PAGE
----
We were in Chiang Mai altogether more or less 4 days, which was enough time to do some activities and also explore the old town. The food there is great! Also lots of temples, but we enjoyed rather spending our time with a good foot massage, Deb took a manicure and pedicure, and then together we had two hour full body massages by ex women prisoners. A long massage like that still cost less than a meal in Europe. Also, lots of things were for sale at the busy Night Bazaar, which was nice to visit since it was so bustling with life compared to the more quiet old town of Chiang Mai.

Transportation in Chiang Mai was convenient with Grab, a local version of the Uber app. We had bought a local sim when we arrived, which was really easy, and made it possible to use the phone with data. It was also useful for finding recommended restaurants when in town. Otherwise, it’s also possible to just jump on Red Trucks that take you to a certain direction for about 1$. There are also lots of bicycles for rent, and even motorbikes, but the traffic looked too busy for an enjoyable ride, and apparently the rental companies try to scam the tourists there, so better just rent bikes once in a smaller town.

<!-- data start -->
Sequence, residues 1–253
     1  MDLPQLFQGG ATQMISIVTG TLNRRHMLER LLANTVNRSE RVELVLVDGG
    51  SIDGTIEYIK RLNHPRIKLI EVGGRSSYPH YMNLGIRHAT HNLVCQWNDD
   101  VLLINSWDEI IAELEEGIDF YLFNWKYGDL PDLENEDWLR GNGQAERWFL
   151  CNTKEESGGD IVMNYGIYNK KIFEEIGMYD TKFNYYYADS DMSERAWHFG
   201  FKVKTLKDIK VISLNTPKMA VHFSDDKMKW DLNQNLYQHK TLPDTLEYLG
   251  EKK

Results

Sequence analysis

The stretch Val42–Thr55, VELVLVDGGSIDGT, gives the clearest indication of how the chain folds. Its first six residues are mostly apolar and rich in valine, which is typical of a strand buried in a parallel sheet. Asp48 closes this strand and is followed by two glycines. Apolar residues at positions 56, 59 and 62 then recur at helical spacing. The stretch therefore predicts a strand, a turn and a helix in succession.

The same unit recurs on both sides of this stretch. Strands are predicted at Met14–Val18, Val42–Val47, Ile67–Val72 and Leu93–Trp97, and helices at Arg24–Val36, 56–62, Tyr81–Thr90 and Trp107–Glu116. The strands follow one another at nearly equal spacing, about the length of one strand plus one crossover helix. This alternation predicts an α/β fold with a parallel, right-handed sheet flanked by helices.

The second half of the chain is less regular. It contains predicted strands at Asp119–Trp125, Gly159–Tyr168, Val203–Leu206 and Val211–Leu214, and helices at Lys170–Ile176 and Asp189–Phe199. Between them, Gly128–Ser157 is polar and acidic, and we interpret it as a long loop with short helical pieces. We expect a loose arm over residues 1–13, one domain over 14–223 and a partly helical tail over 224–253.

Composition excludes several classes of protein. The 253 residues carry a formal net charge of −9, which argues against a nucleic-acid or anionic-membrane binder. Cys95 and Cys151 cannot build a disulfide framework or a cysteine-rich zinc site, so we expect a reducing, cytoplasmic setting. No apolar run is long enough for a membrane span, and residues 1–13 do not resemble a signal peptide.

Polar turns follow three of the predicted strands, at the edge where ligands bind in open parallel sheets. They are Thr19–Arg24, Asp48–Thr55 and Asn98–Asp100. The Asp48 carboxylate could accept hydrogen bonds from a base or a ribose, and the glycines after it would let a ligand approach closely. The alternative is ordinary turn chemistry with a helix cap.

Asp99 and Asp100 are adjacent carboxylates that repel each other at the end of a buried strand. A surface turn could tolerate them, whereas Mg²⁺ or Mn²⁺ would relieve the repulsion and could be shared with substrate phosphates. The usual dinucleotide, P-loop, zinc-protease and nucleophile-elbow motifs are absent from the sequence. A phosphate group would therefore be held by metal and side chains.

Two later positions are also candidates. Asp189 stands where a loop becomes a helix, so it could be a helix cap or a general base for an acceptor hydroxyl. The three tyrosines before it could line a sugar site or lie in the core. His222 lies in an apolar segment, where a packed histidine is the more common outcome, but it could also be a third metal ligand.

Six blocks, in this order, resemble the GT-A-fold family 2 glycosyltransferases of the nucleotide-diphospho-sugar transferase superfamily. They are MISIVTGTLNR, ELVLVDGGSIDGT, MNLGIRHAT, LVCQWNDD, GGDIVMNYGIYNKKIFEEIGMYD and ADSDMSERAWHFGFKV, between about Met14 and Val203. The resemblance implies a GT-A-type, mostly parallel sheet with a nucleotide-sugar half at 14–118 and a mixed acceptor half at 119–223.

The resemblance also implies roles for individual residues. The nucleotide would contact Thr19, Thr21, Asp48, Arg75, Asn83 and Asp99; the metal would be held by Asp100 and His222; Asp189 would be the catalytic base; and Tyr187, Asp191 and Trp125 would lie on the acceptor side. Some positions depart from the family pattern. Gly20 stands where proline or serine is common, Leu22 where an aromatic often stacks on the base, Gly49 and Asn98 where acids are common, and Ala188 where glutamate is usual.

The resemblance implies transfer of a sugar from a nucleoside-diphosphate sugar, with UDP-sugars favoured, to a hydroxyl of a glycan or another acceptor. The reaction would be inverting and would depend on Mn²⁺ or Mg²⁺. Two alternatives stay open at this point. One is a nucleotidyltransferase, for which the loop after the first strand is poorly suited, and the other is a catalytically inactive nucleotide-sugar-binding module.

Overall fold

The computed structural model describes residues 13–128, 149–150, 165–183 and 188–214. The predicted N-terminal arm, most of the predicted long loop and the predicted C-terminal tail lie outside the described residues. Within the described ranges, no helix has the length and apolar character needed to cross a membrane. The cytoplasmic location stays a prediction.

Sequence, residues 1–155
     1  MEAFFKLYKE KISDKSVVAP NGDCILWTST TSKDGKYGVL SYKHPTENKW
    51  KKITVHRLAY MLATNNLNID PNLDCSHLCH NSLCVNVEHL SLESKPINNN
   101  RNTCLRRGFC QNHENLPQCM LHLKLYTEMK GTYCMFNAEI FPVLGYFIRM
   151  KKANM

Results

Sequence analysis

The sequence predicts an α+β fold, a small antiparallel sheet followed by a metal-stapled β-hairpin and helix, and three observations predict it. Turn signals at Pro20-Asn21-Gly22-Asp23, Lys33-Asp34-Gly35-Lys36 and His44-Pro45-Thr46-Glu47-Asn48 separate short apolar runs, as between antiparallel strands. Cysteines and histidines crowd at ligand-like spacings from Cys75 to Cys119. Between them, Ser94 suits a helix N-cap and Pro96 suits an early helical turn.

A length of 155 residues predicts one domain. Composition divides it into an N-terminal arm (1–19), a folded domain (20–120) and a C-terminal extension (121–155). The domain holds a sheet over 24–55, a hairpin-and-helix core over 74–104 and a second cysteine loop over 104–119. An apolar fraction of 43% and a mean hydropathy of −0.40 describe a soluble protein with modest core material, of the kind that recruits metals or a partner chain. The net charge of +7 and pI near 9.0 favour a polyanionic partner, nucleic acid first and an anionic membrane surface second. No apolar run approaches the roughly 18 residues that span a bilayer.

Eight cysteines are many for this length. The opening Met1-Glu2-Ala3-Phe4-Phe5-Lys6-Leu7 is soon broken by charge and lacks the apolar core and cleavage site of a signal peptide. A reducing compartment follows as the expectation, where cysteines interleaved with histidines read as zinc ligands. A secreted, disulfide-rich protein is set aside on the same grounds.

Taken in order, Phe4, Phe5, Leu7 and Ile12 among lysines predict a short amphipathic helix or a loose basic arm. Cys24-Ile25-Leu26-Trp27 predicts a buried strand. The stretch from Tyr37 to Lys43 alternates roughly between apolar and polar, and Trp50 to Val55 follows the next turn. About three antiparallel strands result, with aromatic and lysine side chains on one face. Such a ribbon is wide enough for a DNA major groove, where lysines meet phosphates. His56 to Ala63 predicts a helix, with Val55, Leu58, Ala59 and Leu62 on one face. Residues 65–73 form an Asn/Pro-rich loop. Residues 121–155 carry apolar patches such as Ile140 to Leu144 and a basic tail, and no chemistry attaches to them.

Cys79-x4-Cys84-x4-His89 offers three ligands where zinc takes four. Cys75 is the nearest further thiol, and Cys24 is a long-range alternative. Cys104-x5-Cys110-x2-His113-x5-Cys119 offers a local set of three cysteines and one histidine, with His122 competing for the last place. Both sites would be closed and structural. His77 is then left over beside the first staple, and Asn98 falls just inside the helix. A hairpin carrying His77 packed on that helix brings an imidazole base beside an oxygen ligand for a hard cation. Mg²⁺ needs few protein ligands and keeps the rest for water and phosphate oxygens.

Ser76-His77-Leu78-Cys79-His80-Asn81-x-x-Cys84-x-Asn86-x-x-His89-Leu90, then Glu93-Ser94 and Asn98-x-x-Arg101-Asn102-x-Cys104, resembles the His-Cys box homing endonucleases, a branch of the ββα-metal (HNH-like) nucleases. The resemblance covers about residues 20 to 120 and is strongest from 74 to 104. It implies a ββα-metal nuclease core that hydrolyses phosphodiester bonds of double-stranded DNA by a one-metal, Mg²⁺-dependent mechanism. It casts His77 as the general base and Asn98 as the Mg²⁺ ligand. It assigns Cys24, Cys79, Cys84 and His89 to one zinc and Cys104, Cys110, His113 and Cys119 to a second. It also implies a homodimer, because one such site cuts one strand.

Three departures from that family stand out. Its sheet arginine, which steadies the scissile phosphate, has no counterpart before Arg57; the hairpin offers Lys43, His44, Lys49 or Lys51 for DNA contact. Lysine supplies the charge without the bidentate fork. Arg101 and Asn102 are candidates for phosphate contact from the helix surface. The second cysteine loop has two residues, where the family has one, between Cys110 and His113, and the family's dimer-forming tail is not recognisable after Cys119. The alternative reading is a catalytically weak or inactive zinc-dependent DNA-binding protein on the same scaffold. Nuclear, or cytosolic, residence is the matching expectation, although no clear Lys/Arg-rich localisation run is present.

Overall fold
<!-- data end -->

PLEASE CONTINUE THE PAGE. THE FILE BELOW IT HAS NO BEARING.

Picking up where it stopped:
From CM we took a 2 hour flight to Krabi, but arrived when it was getting dark so arriving at our final destination at Railay beach was interesting since we still needed a bus and a boat to get there. In CM it got dark quite a bit later than in Krabi, it’s a long country! Fortunately there was still a boat from Ao Nammao beach to Railay after 19:30. We arrived to our honeymoon hotel safe and sound, and were happy to get and upgrade to our room as we arrived.